This report covers IRS release IR-2018-69, which reminds residents of Puerto Rico, the U.S. Virgin Islands, and America Samoa of their extended tax form filing deadline of June 29, 2018.
On June 26, 2018, the U.S. Internal Revenue Service (IRS) issued a release reminding residents of Puerto Rico, the U.S. Virgin Islands, and America Samoa who were affected by last year’s hurricanes and tropical storms of the requirement to file a 2017 federal income tax return or pay 2017 tax by the extended deadline of June 29, 2018.1 The extended deadline is available regardless of whether a taxpayer’s residence changed during 2017.2 In addition, certain residents may need to file Form 8898, Statement for Individuals Who Begin or End Bona Fide Residence in a U.S. Possession, along with their Form 1040 or Form 1040NR.
The IRS extended tax filing deadlines until June 29, 2018, for victims of Hurricane Maria in the U.S. Virgin Islands and Puerto Rico, and victims of tropical storm Gita in American Samoa. Following the IRS extension, affected individuals have until June 29, 2018, to file their 2017 tax returns and pay any taxes due on those returns. Further, no interest, late-payment or late-filing penalty will be due.
A $1,000 penalty may apply if a person who is required to file Form 8898 fails to file or files an incorrect or incomplete Form 8898.
In the same release, the IRS also noted that certain residents of Puerto Rico, the U.S. Virgin Islands, and American Samoa who permanently relocated to the U.S. mainland due to last year’s hurricanes and tropical storms may need to file Form 8898. Due to the disaster-related extensions granted by the IRS to residents of these three U.S. territories, Form 8898 generally is due June 29, 2018. In addition, any individual who files for an income tax filing extension will also have until October 15, 2018 to file Form 8898.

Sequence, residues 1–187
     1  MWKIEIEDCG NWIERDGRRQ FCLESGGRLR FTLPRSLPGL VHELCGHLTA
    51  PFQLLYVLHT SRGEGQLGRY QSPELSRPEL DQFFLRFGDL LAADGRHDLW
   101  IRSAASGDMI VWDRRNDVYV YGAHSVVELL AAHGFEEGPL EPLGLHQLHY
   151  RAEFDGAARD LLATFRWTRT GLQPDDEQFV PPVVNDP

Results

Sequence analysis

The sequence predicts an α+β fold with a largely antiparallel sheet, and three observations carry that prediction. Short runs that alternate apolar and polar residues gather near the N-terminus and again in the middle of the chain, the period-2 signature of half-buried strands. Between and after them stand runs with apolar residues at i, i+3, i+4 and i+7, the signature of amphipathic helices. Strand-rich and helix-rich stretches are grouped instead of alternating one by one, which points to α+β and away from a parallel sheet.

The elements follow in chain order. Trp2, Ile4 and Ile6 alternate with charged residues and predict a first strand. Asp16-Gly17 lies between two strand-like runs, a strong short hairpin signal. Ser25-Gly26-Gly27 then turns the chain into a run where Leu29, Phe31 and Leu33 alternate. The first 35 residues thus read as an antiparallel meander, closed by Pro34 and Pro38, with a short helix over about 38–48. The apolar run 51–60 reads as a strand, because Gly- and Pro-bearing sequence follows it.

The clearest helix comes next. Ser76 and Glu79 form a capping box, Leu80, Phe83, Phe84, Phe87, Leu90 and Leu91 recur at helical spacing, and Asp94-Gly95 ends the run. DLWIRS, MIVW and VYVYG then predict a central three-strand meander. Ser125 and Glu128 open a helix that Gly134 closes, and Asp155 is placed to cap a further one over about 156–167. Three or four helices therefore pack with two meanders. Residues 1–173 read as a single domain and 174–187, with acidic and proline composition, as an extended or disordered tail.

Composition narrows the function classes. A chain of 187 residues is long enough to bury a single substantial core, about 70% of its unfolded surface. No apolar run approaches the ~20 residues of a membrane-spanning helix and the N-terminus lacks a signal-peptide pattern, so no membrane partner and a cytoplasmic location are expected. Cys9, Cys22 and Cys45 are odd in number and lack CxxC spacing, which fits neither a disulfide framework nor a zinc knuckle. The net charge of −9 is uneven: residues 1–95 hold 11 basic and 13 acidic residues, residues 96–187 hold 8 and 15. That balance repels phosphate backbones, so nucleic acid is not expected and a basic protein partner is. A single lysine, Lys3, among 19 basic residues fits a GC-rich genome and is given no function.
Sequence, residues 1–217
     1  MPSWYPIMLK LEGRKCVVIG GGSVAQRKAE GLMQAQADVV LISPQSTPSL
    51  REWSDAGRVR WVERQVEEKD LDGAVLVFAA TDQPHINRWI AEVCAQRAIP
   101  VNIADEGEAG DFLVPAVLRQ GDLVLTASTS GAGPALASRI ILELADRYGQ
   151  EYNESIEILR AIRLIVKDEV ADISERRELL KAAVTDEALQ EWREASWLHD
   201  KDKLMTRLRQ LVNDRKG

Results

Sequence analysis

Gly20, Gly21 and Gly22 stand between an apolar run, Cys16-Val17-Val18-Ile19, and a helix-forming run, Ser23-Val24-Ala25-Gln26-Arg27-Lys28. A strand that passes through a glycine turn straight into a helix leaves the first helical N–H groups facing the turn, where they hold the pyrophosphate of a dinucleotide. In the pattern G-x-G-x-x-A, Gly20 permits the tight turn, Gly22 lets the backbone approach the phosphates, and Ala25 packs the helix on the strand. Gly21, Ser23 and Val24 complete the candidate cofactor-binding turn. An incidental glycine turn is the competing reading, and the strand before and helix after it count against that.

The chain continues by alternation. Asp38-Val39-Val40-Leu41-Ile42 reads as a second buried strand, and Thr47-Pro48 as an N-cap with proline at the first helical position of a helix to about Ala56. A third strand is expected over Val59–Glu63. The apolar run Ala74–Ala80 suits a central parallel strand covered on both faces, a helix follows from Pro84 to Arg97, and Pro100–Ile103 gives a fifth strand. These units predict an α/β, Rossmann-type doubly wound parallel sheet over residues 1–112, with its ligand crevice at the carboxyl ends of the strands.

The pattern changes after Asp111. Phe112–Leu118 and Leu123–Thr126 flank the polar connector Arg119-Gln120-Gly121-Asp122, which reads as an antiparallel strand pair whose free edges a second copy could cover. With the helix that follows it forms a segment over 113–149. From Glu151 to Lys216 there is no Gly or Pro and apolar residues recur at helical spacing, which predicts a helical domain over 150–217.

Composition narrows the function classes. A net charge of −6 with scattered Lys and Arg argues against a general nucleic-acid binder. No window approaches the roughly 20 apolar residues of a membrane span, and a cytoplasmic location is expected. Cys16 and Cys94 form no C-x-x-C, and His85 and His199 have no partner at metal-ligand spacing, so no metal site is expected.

The Form 8898 filing requirement applies to any individual who had total gross income exceeding $75,000 for the year, ceased to be, or became, a bona fide resident of a U.S. territory during 2017, and met other requirements. U.S. territories include Guam and the Commonwealth of the Northern Mariana Islands, along with Puerto Rico, the U.S. Virgin Islands, and American Samoa.
The requirement to file Form 8898 for married couples applies to each spouse separately. Likewise, the $75,000 income threshold applies to each spouse separately.
Generally, a taxpayer is a bona fide resident of a U.S. territory if the taxpayer:
Generally, this means that a person who lives and works in a U.S. territory and spends most of his or her time there is considered a bona fide resident of that territory. Special residency rules apply for active duty military members of the U.S. Armed Forces and their civilian spouses.
Residents of Puerto Rico and the U.S. Virgin Islands who temporarily left due to Hurricane Irma or Hurricane Maria, but have already returned to the territory, or plan to do so, will generally not need to file Form 8898. Under special relief, none of the time between September 6, 2017, and May 31, 2018, counts as time away from the territory. For prior coverage see GMS Flash Alert 2018-043 (February 28, 2018).
1 See IR-2018-69, “Tax Filing Deadline Postponed until June 29 for Victims of Hurricane Maria in Puerto Rico and the Virgin Islands” (March 22, 2018); AS-2018-01, “Tax Relief for Victims of Tropical Storm Gita in American Samoa” (March 7, 2018).
The above information is not intended to be "written advice concerning one or more Federal tax matters" subject to the requirements of section 10.37(a)(2) of Treasury Department Circular 230 as the content of this document is issued for general informational purposes only.
The information contained in this newsletter was submitted by the KPMG International member firm in the United States.
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